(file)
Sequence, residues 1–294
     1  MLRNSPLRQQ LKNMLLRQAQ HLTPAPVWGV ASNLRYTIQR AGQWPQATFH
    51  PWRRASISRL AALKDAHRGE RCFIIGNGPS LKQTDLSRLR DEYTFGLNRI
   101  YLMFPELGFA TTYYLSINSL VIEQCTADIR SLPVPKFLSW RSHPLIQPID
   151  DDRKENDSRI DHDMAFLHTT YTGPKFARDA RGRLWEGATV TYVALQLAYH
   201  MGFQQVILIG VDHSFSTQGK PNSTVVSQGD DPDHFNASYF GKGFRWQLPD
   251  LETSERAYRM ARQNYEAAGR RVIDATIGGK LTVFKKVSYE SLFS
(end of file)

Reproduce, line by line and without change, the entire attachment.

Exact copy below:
Sequence, residues 1–294
     1  MLRNSPLRQQ LKNMLLRQAQ HLTPAPVWGV ASNLRYTIQR AGQWPQATFH
    51  PWRRASISRL AALKDAHRGE RCFIIGNGPS LKQTDLSRLR DEYTFGLNRI
   101  YLMFPELGFA TTYYLSINSL VIEQCTADIR SLPVPKFLSW RSHPLIQPID
   151  DDRKENDSRI DHDMAFLHTT YTGPKFARDA RGRLWEGATV TYVALQLAYH
   201  MGFQQVILIG VDHSFSTQGK PNSTVVSQGD DPDHFNASYF GKGFRWQLPD
   251  LETSERAYRM ARQNYEAAGR RVIDATIGGK LTVFKKVSYE SLFS